A screenshot from the “article” discussing the impacts of sunlight on the historical artifacts (Arpacıoğlu, Diri, and Özgünler, 2013)

About the recession that also helped the office to win the architectural competition, it is right to say that it could not achieve its potential and planned “urban value”. The architects stated that they forced the client (Turkish Naval Forces) to have this “urban recession” although the client did not believe a military museum should be open to the public and should give an urban ground in front of its façade on the street. However, architects were able to convince them that it will add to the design and urban life. Mehmet Kutukcuoglu once stated (Kutukcuoglu, 2013):

“Entrance from the main street right across Beşiktaş market is more convenient so that the building may set up a relationship with the city. Here, the building is set back creating its square(…)”

Although it was quite a meaningful act, probably because of the museum’s further policies on museum urban relations, the perception of “military” services and their identity on the site and the closed street on the hotel side affected this present situation and the setback ended up being just a void that people only pass through but do not spend time or hold activities.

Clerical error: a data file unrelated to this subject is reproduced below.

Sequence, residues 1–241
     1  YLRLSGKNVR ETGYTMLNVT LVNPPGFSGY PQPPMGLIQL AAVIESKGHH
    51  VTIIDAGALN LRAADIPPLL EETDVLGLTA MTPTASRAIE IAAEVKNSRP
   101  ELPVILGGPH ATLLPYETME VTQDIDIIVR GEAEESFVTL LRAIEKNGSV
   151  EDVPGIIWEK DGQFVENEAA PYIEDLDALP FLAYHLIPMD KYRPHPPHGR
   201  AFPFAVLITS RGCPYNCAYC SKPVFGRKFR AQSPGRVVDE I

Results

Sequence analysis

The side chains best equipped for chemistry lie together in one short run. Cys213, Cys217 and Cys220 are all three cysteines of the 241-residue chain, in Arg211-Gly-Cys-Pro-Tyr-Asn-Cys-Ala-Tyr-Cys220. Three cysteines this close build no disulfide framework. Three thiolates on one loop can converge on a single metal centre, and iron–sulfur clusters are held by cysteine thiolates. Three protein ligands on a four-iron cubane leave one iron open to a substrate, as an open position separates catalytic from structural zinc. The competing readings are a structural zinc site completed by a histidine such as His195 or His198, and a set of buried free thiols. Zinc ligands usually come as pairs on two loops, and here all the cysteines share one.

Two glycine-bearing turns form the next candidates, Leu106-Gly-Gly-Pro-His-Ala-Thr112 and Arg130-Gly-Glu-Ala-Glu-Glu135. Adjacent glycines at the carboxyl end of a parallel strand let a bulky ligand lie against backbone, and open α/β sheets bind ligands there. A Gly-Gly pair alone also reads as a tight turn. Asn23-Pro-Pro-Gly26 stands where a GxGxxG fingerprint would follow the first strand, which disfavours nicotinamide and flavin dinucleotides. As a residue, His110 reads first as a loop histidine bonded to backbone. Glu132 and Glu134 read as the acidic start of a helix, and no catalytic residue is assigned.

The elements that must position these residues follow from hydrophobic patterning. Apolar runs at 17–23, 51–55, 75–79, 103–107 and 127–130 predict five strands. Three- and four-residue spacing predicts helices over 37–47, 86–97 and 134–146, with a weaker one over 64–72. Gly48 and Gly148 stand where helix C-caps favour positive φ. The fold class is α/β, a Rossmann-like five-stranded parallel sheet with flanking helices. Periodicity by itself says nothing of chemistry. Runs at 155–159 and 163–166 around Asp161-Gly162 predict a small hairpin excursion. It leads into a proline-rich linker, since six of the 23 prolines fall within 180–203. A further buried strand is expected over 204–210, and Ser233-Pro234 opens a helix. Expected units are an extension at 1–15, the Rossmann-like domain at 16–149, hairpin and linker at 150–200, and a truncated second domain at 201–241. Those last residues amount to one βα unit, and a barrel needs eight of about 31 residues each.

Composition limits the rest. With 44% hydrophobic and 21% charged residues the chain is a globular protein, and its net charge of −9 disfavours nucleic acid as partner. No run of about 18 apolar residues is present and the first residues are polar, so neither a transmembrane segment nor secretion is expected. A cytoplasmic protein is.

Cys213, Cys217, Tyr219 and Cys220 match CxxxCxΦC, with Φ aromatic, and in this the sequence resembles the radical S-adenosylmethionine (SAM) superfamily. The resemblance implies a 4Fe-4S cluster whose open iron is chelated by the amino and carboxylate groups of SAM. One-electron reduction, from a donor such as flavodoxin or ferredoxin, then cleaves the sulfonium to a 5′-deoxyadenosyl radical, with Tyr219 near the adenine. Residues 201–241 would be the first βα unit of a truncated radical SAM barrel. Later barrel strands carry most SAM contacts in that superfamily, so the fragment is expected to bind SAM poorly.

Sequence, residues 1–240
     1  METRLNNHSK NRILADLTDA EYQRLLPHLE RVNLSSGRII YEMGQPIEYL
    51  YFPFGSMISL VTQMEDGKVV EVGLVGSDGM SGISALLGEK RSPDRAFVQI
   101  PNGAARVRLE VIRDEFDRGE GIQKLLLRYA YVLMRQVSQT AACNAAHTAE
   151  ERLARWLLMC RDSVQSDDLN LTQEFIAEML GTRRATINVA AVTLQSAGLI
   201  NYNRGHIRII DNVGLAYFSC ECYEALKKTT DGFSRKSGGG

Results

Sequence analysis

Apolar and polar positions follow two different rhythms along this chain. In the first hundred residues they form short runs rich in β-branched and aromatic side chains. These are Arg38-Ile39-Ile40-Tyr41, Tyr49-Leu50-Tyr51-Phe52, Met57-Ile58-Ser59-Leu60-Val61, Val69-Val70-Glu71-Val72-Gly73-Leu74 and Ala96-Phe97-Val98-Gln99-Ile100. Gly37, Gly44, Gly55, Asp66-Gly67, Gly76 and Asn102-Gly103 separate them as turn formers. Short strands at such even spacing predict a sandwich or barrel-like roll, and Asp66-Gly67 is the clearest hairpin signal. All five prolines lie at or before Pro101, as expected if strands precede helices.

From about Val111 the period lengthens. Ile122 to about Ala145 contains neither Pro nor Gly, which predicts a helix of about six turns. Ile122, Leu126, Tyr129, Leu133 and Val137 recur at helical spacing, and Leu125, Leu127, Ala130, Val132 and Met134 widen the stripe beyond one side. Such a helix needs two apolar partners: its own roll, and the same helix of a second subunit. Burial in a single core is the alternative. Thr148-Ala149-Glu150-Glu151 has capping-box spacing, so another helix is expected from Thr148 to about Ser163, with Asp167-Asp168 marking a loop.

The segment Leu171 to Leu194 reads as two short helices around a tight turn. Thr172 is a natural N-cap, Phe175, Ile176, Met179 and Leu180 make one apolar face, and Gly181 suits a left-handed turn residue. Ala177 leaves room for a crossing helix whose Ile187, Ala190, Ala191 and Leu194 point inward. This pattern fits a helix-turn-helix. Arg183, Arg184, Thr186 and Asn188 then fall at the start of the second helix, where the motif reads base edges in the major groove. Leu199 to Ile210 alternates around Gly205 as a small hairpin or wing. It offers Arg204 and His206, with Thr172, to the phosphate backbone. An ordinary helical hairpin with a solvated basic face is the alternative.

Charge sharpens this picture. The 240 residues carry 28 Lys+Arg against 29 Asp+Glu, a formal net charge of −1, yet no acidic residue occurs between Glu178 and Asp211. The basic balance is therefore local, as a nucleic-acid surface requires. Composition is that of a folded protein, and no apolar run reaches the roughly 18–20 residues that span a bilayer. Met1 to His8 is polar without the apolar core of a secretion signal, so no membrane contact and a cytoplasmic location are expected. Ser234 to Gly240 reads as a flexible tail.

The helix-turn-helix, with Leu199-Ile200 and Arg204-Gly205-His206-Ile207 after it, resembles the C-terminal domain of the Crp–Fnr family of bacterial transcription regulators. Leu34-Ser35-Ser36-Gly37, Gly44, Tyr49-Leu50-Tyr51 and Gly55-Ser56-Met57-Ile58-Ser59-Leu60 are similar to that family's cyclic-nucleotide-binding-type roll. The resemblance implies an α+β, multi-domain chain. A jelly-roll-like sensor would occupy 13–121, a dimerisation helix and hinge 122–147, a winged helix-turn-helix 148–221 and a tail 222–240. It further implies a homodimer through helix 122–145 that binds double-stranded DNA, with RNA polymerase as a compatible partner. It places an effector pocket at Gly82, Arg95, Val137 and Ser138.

The setback that didn’t work

So, all these decisions were the ones that helped TEĞET win the architectural competition. However, they also had problematic and unexpected consequences that are caused by unseen environmental factors and design impacts.

TEĞET, in its architectural statement for the competition, says

“Beşiktaş’taki mevcut Deniz Müzesi, İstanbul’un merkezinde kaybolmuş, unutulmuş bir komplekstir. Geliştirilen öneri, kuytuda kalmış paha biçilmez içeriğiyle beraber, İstanbul Boğazı kıyısındaki bu alanı şehrin kullanımına sokar. (…) Tasarlanan yeni İstanbul Deniz Müzesi kompleksi, açık hava sergi alanı olarak değerlendirilen bir avlunun etrafında kurgulanır. Kayıkhane İstanbul Deniz Müzesi’nin ana koleksiyonunun sergilendiği mekândır. Kayıkhane, en batıda Kadırga’nın sergilendiği ilk holden en doğuda çelik köprüyle bölünen son hole kadar denize uzanan parmaklar olarak şekillenir. Eski hayatlarında olduğu gibi rıhtıma dizilen kayıklar denize dönmek ister.”